Rites of Passage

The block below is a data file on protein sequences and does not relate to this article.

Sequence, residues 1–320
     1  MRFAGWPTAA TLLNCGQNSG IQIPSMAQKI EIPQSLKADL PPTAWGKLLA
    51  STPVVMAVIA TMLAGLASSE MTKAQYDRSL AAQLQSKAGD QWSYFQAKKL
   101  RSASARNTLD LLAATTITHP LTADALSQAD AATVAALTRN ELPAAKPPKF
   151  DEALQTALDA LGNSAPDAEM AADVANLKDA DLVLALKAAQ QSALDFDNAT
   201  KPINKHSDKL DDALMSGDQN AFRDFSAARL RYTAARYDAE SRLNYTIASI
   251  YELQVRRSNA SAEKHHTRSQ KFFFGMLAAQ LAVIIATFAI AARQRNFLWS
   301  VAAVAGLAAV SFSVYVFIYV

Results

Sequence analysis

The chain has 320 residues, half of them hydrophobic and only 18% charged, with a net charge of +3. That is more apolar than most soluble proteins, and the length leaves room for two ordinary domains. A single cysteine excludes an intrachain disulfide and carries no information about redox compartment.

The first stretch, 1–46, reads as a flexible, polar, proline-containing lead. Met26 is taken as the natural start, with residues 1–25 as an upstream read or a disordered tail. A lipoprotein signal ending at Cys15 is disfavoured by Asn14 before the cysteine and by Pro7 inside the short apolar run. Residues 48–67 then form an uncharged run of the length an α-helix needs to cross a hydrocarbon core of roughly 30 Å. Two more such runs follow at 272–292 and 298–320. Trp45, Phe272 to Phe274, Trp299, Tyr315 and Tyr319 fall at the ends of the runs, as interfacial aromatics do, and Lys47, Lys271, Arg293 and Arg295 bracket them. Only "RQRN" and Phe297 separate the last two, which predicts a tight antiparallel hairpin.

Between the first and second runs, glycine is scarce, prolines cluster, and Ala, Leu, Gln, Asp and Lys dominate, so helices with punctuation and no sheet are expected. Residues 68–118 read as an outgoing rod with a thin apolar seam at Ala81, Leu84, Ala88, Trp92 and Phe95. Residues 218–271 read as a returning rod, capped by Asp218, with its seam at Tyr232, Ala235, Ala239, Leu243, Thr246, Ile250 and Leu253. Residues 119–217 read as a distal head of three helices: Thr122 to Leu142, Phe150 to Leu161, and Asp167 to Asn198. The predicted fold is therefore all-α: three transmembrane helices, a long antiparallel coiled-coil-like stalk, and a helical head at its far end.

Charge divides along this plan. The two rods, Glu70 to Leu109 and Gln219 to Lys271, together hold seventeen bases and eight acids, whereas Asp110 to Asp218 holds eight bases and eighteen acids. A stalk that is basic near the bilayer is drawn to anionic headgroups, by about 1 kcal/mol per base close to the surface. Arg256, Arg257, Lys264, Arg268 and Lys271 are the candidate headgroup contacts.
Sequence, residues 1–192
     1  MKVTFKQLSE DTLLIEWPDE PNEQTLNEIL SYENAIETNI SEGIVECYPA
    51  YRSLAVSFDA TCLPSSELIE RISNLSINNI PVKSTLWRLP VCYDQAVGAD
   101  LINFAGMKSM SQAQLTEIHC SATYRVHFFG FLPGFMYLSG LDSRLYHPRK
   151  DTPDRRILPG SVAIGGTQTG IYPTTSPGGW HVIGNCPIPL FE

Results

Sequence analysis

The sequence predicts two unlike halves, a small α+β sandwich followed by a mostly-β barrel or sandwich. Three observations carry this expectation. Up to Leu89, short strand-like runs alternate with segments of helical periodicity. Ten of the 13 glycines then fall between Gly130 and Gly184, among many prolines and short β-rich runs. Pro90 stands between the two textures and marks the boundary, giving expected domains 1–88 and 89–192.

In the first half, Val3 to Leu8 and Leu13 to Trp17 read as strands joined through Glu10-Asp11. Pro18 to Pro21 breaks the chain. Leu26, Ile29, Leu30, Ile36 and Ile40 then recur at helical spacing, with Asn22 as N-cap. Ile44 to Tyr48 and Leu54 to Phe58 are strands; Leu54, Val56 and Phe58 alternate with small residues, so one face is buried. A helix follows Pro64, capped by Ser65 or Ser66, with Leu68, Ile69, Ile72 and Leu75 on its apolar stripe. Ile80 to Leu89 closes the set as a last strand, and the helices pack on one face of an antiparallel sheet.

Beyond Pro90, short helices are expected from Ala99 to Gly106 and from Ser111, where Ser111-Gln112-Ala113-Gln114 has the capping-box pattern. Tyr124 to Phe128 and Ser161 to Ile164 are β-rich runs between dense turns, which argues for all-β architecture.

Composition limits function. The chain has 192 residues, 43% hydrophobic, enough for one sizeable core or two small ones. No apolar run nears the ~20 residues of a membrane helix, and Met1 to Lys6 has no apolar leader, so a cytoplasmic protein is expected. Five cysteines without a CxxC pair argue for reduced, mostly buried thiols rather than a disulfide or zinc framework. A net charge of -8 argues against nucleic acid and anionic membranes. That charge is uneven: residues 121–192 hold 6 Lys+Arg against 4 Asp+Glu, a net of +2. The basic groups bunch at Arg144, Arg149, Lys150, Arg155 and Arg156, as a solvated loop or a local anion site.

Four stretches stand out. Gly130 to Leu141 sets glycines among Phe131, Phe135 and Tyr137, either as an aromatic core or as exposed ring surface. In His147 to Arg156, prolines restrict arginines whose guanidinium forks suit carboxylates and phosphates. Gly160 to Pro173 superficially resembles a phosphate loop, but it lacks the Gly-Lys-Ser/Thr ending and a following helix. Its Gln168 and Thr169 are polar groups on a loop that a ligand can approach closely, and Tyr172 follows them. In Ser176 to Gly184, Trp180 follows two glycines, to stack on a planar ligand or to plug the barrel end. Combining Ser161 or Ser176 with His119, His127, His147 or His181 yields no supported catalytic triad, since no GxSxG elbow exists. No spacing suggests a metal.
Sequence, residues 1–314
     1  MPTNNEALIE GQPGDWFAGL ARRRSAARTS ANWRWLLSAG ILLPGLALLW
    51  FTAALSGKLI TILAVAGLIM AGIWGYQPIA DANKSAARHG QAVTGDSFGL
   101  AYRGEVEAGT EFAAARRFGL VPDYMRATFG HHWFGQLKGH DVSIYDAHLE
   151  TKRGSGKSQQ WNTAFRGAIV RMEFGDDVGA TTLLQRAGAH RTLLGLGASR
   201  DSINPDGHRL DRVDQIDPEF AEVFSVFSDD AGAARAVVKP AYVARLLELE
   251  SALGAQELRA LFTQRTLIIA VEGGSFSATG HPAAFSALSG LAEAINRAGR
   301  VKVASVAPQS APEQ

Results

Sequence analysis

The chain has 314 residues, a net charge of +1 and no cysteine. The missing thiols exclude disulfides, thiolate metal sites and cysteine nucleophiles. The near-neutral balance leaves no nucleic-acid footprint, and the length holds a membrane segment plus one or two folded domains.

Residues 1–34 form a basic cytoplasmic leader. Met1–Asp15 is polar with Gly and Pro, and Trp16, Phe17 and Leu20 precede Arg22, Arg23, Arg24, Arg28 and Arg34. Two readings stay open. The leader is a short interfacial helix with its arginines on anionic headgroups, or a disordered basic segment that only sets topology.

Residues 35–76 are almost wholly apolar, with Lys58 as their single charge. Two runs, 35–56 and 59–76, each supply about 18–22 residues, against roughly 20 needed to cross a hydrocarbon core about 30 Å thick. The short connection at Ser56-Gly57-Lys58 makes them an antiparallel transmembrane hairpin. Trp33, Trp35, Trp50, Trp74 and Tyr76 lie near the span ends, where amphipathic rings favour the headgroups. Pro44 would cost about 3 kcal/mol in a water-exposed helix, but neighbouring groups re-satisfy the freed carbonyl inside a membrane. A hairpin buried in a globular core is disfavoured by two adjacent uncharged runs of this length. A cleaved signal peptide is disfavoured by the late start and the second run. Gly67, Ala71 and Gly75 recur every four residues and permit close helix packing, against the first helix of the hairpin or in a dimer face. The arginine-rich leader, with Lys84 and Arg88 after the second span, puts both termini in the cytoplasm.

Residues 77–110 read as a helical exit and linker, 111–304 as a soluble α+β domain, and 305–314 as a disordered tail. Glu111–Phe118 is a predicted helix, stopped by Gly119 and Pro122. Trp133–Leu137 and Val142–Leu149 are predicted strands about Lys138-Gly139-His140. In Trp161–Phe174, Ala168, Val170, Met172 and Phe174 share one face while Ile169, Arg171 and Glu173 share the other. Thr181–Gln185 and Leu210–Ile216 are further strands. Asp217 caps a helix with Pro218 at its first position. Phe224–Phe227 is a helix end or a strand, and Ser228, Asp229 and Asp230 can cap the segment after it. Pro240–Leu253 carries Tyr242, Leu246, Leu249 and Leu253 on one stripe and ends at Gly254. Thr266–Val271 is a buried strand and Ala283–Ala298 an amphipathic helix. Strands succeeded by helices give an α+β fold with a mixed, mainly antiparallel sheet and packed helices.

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Rites of Passage This essay is based on the rite of passage and festivals for the religion of Hinduism and Judaism. The rites of passage are perform through rituals perform. Hinduism and Judaism are two religions that perform rites of passage and celebrate festivals. Hinduism and Judaism are both practice in the Caribbean and other parts of the world. Rites of Passage A rite of passage is a ritual event that marks a person's transition from one status to another. Milestones include transitions from puberty, year 7 to high school, coming of age, marriage and death. Initiation ceremonies such as baptism, confirmation and Bar or Bat Mitzvah are considered important rites of passage for people of their respective religions. Rites of passage show anthropologists what social hierarchies, values and beliefs are important in specific cultures. The concept of rites of passage as a general theory of socialization was first formally enunciated by Arnold van Gennep in his book The Rites of Passage to denote rituals marking the transitional phase between childhood and full inclusion into a tribe or social group. Gennep's work exercised a deep impact on anthropological thought. Rites of passage have three phases: separation, transition, and reincorporation, as van Gennep described. "I propose to call the rites of separation from a previous world, preliminal rites, those executed during the transitional stage liminal (or threshold) rites, and the ceremonies of incorporation into the new world postliminal rites. In the first phase, people withdraw from their current status and prepare to move from one place or status to another. "The first phase (of separation) comprises symbolic behaviour signifying the detachment of the individual or group ... from an earlier fixed point in the social structure. There is often a detachment or "cutting away" from the former self in

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